I've been on the hunt for one since I moved here, but nothing caught my eye, so when CSN Stores ask me if I would like to do a product review, I knew exactly what I would search for. I choose the Circulon Contempo 5.5 Quart Covered Straining Casserole.
I love CSN Stores, as I know many of you do. They've sponsored two giveaways here at The Hut and many others around our blogging community. I was also the lucky recipient of a set of Pfaltzgraff dishes from Cindy's CSN giveaway at Applestone Cottage. All three packages I've received from this company have come as scheduled and packaged perfectly. I can understand why they have an A+ rating with the Better Business Bureau, they've got this whole online buying thing down!
Anyway, I've had my pot for about two weeks now and it has become the favorite pot in my kitchen. Of course, it is perfect for boiling pasta or potatoes and the straining lid makes this task so easy. Each side of the lid has holes for draining, one side for larger foods and the other for smaller foods. Now, I've always used a colander for this task, but I can honestly tell you that is a thing of the past here at The Hut! What I really love about being able to drain right from this pot is that the lid locks on securely. This means I can shake the dickens out of it and get out more water than I ever could with my colander. The boiling water can no longer stay hidden in my penne or in my ziti. I can turn it this pot every which way to make sure my shells (the pasta kind, not the ones I pick up on the beach) are dry as can be. This improves the overall quality of my finished dish, no more water-downed sauce or soggy potato salad!
Now you'd think that would be all I could say about this pot, but because I have limited space in my new kitchen, I like things to be versatile, so I further tested this pot with a few of my favorite recipes. I used it to make ribs and rice; a dish where the rice normally sticks to the bottom. Not so with this pot! Not only did the rice not stick, it took far less watching and stirring. This tells me that the pot cooks nice and evenly with no hot spots to scorch my dinner. Oh yeah, I'm loving this pot!
I also used it to make squash and onions, a dish I've made in a cast-iron skillet all my life and a dish that takes constant watching. I was afraid the vents in the lid would let all the juices evaporate and I would have to add more, but it didn't. The result was moist, delicious and the clean-up a breeze. While I'm on the subject of cast-iron I want to share something with you. I love my cast iron pots and skillets, but when I moved to Florida there was no natural gas in my area and the same thing holds true here. I don't know about you, but I don't love cooking with cast iron on electric stoves, it just doesn't yield the same results. I have a glass-top stove and my oven is convection, which I love, but I stopped making my cornbread in a cast-iron skillet because the crust never turned out crusty. I starting making my squash and onions in a regular skillet and while it was good, it was never as good as when I used cast-iron. Well, I don't know what it is about this pot, but I love, love, LOVE how my recipe turned out!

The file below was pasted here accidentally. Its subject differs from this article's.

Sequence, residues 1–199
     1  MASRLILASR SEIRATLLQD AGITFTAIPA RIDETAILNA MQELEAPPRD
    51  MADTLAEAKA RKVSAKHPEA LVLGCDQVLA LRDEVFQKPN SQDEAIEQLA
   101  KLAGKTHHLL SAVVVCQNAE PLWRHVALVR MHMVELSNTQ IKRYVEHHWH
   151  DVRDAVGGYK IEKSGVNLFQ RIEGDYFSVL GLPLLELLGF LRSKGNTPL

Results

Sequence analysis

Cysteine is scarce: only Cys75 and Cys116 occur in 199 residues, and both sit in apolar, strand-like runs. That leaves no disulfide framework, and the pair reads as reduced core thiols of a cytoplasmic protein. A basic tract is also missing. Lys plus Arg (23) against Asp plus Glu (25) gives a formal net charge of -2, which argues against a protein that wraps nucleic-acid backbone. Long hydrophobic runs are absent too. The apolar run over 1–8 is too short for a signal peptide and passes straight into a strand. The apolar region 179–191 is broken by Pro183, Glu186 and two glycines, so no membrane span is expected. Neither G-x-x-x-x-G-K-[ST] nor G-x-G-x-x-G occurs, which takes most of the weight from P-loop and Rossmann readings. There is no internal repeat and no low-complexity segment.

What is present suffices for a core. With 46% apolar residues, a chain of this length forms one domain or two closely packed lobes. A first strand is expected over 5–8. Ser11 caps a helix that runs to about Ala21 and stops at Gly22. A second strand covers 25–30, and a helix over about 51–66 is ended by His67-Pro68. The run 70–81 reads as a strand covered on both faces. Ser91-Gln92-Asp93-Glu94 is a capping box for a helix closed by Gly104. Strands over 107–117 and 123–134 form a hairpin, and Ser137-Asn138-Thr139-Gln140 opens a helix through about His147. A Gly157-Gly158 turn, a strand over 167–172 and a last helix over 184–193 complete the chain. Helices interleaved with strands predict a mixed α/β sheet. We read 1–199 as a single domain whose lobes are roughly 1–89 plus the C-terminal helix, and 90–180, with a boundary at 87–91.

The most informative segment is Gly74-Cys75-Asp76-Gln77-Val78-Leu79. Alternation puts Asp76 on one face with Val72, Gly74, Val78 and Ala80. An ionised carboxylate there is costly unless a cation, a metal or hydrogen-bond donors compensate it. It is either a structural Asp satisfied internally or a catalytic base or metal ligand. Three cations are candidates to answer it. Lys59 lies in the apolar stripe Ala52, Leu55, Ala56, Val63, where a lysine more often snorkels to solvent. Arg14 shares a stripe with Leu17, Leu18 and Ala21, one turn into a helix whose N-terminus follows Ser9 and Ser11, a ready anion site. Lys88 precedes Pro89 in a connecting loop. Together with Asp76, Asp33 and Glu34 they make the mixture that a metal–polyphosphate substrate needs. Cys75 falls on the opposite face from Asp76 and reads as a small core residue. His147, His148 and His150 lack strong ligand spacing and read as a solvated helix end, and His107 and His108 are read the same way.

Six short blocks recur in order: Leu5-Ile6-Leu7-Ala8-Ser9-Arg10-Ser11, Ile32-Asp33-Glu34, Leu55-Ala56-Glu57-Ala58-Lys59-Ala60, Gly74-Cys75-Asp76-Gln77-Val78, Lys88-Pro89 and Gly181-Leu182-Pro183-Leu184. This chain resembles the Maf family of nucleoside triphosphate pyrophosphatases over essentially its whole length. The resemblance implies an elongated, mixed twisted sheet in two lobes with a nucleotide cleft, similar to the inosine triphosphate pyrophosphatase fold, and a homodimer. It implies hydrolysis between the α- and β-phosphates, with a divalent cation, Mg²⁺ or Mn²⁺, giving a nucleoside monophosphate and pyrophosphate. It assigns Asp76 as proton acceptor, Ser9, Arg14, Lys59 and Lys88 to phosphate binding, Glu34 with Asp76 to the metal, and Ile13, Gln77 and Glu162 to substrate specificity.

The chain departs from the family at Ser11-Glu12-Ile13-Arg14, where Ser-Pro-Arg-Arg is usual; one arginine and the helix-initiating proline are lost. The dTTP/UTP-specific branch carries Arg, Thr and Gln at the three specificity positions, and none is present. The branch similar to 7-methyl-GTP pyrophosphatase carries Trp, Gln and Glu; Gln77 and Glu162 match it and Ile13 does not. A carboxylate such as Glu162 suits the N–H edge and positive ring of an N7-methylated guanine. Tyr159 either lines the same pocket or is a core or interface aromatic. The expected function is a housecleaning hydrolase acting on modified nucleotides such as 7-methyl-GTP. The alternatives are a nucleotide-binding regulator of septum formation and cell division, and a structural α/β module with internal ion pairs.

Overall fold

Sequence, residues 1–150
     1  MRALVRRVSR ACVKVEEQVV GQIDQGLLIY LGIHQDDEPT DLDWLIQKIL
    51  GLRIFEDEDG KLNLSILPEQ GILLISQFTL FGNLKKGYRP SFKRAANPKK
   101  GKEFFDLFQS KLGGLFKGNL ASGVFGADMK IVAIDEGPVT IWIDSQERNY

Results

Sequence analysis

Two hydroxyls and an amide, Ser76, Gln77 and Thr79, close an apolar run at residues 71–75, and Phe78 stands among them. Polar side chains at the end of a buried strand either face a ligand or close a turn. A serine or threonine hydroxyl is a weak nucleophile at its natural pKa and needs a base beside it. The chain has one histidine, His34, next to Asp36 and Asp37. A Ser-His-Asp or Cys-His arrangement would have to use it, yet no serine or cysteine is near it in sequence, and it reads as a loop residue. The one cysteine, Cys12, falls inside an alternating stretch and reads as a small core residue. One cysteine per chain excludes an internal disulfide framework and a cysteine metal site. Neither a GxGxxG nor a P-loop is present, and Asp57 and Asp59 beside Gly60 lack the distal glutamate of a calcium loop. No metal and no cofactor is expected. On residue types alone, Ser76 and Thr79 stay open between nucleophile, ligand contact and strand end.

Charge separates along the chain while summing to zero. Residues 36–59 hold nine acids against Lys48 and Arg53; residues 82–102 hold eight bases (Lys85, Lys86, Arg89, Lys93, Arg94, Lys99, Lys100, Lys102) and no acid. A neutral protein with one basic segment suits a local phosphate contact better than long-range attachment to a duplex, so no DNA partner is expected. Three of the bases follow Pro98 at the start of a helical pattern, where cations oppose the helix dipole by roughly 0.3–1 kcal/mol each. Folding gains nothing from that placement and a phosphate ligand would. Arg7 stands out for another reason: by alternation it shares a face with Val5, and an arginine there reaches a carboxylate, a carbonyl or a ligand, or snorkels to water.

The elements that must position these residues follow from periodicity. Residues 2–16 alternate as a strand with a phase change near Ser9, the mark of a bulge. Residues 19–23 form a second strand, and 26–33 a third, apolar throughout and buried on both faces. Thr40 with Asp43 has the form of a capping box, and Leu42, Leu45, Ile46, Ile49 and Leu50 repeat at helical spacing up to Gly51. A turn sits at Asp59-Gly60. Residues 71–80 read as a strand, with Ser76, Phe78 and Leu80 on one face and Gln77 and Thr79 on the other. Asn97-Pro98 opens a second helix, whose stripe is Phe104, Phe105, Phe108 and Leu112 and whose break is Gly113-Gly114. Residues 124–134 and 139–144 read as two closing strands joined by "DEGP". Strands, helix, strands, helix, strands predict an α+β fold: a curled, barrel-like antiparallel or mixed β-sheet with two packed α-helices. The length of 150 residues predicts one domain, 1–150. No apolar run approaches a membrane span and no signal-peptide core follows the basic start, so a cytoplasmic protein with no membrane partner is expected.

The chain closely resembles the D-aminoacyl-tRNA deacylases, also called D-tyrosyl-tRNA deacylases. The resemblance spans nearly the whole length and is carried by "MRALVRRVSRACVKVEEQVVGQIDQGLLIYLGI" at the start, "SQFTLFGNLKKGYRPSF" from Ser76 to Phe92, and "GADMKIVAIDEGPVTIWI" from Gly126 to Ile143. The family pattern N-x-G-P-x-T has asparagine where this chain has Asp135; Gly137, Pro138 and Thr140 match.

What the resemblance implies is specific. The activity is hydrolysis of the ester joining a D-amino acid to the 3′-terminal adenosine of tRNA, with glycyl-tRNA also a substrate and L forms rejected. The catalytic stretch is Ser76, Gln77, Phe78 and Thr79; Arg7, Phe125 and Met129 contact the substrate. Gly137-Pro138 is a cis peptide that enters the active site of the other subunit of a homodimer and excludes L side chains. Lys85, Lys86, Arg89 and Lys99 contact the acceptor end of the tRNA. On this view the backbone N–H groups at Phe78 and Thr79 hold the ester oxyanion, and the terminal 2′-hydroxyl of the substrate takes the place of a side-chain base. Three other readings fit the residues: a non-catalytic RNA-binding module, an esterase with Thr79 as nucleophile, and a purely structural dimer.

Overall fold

Since it is oven-proof to 400 degrees, I also wanted to try baking in it, so I made a casserole complete with lots of cheese. I hate washing glass casserole dishes, something always sticks and there is lots of soaking and scrubbing involved, ugh! Again, this pot cleaned up in a flash. I highly recommend this product for yourself and as a perfect wedding gift.
Now you didn't think I'd let Friday go by without sharing a recipe did you? This one is easy and falls under the comfort food category. I grew up eating this as made by my Southern mother. She cooked it in bacon grease, as did any self-respecting Southern cook did in those days and it was soooo good, but I don't eat bacon any more, so there is no grease can sittin' around. This dish does call for fat though, I've tried making it with spray oil, but honey, it is no where near the same. I use butter, yep I do, I admit it, sometimes a gal just needs fat and this is one of the few dishes I cook with lots of fat.
Squash and Onions
6 yella (crookneck) squash, sliced medium
1 large Vidalia onion, sliced into rings
3 tablespoons butter
Salt and pepper to taste
Melt butter in a large skillet or pot. Add squash and onion in layers, sprinkling with salt and pepper as you go. I use Paul Prudhomme's Magic Seasoning Salt. I love all of his seasonings and this one is a great blend for everyday use.
Cover and cook over low heat, stirring occasionally. The squash will start to become tender, so stir gently, but if it starts to break up a bit that's just fine. You want the squash to be nice and tender. This takes about 20 minutes. Serve it up with baked chicken, grilled fish or a nice pork loin. Honey, your taste buds will do the happy dance and any stress you're feeling will just melt away.
Tip: Now if you like things a bit on the spicy side you can add in a small can of diced chiles.
How's this for a little down-home cookin'?
Baked chicken and sweet potato, sliced 'maters with 1000 Island
and today's recipe — Squash and Onions. Enjoy!
That's if for today, I hope you all have a wonderful weekend and remember to tell those close to you that you love 'em.
Be sure to stop by Michael's over at Designs By Gollum for more Foodie Friday recipes.